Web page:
Saturday, October 11, 2008

The Wonderful World of the Brothers Grimm

I had hoped to post more on Fairy Tale Month, but a research trip in the middle of October stalled that plan. However, we'll have many more opportunities to talk about movies with fairy tale themes.

This week I'd like to spotlight the movie that started me on my writing journey, The Wonderful World of the Brothers Grimm, made in 1962, featuring Laurence Harvey as Wilhelm Grimm and Karlheinz Bolm as Jacob Grimm. Other names you may have heard of are Barbara Eden of I Dream of Genie fame, Jim Backus, who was Thirston Howell III in Gilligan's Island, and Buddy Hackett, a popular pudgy comedian in tons of '60s movies (remember Disney's Love Bug?)

Although not particularly accurate, this movie chronicles the lives of the Brothers Grimm and how they started writing fairy tales. It's sprinkled with vignettes from the tales themselves, creating a delightful fantasy montage that absolutely thrilled me when I was seven.

One scene from this movie stands out. If you're a writer, I hope what I'm about to share rings with you as much as it has with me for over four decades. Wilhelm is ill, lying on what is sure to be his death bed in his room. It's at the end of the movie, so we've seen all of the stories in the afore mentioned vignettes. Now, all of those characters come to life and climb through his window and surround his bed, except for the beanstalk Giant who peers into the window. They all entreat him to not die because if he does, they will die with him.

As a writer, this truth has clung to me through the times I wanted to give up. Through the times that writing was just too hard, or publication seemed an impossible mountain to climb. I've found at the times of my greatest discouragement, that my characters yet to be written seek me out in my home office, standing near my chair, their hands on my shoulders. "You can't quit, Kathy, because if you do, no one will know about us." And as a Christian author, I hear God, (who is very real!) saying, "You can't quit, because if you do no one will know the truths I've placed in your words. That one person I've chosen to finally grasp eternity, will not do so through unwritten words."


Our profession is powerful. If I can gain inspiration through the words of a fairy tale movie, how much more so can my readers gain insight into God's truths. He and I work together to craft not only an entertaining story, but inspiration and insight into the character of God. In truth, I learn as much about God as my readers when I see those words form on my screen.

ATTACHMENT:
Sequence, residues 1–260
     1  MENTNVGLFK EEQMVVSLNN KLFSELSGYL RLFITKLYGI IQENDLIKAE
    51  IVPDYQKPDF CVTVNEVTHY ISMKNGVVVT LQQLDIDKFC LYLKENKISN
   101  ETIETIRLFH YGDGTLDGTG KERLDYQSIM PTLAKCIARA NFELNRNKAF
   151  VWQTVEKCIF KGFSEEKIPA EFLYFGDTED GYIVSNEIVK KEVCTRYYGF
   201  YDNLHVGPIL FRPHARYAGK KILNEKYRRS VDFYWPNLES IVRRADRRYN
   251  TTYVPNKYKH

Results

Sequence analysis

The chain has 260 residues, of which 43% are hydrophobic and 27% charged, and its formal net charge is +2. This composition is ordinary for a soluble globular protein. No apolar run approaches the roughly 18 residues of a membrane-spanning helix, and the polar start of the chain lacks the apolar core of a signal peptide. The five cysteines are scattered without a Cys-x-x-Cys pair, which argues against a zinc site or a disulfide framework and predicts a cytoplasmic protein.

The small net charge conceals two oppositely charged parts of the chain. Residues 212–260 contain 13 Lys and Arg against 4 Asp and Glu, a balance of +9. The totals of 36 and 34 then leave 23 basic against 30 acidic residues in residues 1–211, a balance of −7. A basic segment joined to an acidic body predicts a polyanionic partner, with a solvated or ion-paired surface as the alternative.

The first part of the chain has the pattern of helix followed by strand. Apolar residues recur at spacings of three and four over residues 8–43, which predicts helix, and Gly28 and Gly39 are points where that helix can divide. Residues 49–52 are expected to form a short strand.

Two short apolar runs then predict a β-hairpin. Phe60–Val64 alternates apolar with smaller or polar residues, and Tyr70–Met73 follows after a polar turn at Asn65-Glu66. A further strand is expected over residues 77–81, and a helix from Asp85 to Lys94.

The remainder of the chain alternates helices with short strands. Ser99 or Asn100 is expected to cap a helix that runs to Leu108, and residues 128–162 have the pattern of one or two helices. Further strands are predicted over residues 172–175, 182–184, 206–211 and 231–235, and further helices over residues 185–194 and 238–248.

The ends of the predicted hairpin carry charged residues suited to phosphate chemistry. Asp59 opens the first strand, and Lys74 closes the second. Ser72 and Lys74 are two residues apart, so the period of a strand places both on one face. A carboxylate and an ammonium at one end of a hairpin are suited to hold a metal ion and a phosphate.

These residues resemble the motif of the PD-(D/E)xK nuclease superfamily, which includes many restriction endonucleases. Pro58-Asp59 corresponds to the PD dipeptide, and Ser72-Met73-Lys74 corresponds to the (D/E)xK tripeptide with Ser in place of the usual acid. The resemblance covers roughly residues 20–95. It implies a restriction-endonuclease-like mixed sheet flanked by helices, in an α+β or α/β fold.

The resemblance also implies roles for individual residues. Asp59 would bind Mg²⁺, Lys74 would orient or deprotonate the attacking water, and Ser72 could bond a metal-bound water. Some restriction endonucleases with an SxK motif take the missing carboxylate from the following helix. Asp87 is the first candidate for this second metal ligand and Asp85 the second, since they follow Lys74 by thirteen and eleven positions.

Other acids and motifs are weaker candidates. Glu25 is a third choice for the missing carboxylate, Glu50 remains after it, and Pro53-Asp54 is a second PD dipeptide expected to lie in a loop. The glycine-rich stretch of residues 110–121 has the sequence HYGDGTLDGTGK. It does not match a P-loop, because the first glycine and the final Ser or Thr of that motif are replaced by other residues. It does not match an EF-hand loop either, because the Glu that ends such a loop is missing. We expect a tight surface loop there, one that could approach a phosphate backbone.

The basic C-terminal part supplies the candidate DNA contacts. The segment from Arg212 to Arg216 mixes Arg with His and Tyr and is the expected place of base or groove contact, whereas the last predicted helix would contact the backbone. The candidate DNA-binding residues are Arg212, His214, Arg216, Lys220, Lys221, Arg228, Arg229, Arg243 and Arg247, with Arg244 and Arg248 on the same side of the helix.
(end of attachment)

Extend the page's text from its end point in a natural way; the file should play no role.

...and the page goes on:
So I encourage you, dear writers, to continue the task you have set out to do. Or, as the theme in our first Craft Cinema feature, Galaxy Quest, stated, -- "Never give up, never surrender."

Powerful words to live by.


If you'd like to learn more about this movie, go to

Wednesday, October 8, 2008


To kick off our Fairy Tale October, our group watched Enchanted, with Amy Adams, Patrick Dempsey, and James Marsden. It’s a story of a cartoon fairy tale princess who is pushed down a well and lands in very real New York City. A fish out of water story and, in essence, Disney making fun of Disney. Who else could do it better?

First, let’s talk about goals. Our princess, Giselle has one goal. True love’s kiss. She believes she’s found that with Edward, a delightfully narcissistic prince who saves the young damsel in distress from a nasty fall out of a tree as she runs from a two-story tall troll bent on eating her. Edwards goal? Someone who will finish his heart’s duet. They plan to marry the very next day, but the evil queen, aka the future mother-in-law, does everything in her power to stop the marriage for fear of losing her crown to Giselle. Her goal? Get rid of Giselle. She turns herself into an old hag and pushes Giselle down the well.

This leads to the real world and our hero, Robert, a cynical divorce lawyer who makes it clear early on that he’d rather his young daughter read about real-life heroes than fairy tales. The little girl, Morgan, sees Giselle in the rain, pounding on the painted castle door atop a billboard, and hops out of the taxi to see her. Robert goes after his daughter, and rescues Giselle when she falls off the billboard. Robert’s goal? Keepin’ it real. He doesn’t believe in happily ever after since his own bitter divorce, and he insists that his daughter keeps her feet on the ground and her head out of the clouds.

Our hero’s and heroine’s arcs are as diversified as they are. Let’s start with Giselle. Her first jolt of realism is when she asks an old man if he can help her. The man grabs her crown and hoofs it down the street. Giselle calls out, “You’re not a nice old man!” When Giselle feels an emotion she’s never before experienced – anger -- the heavens open up with crashing thunder and lightening. This begins her journey into becoming real. She hangs onto her naiveté as long as possible, singing and dancing in the park, talking to animals, all the typical princessy things. Notice when she later becomes angry at Robert, things change drastically for our heroine. Her voice even changes, no longer sounding like a princess sound track. By this time, Edward has found her, and she tries to introduce him to New York City, perhaps to make him as real as she is becoming. He agrees to take her to a ball before leaving for their own world, Andalasia. We find as she prepares for the ball that she no longer talks to animals, asking them to make her a gown and do her hair for the upcoming ball. She now uses VISA, as any real woman would do. When she shows up at the ball, every person present is in costume pretending to be in a fairy tale. But Giselle is dressed in a contemporary gown, her hair long and silky, looking every inch like a real woman. She soon does some very un-fairy tale things, which we will talk about in a moment.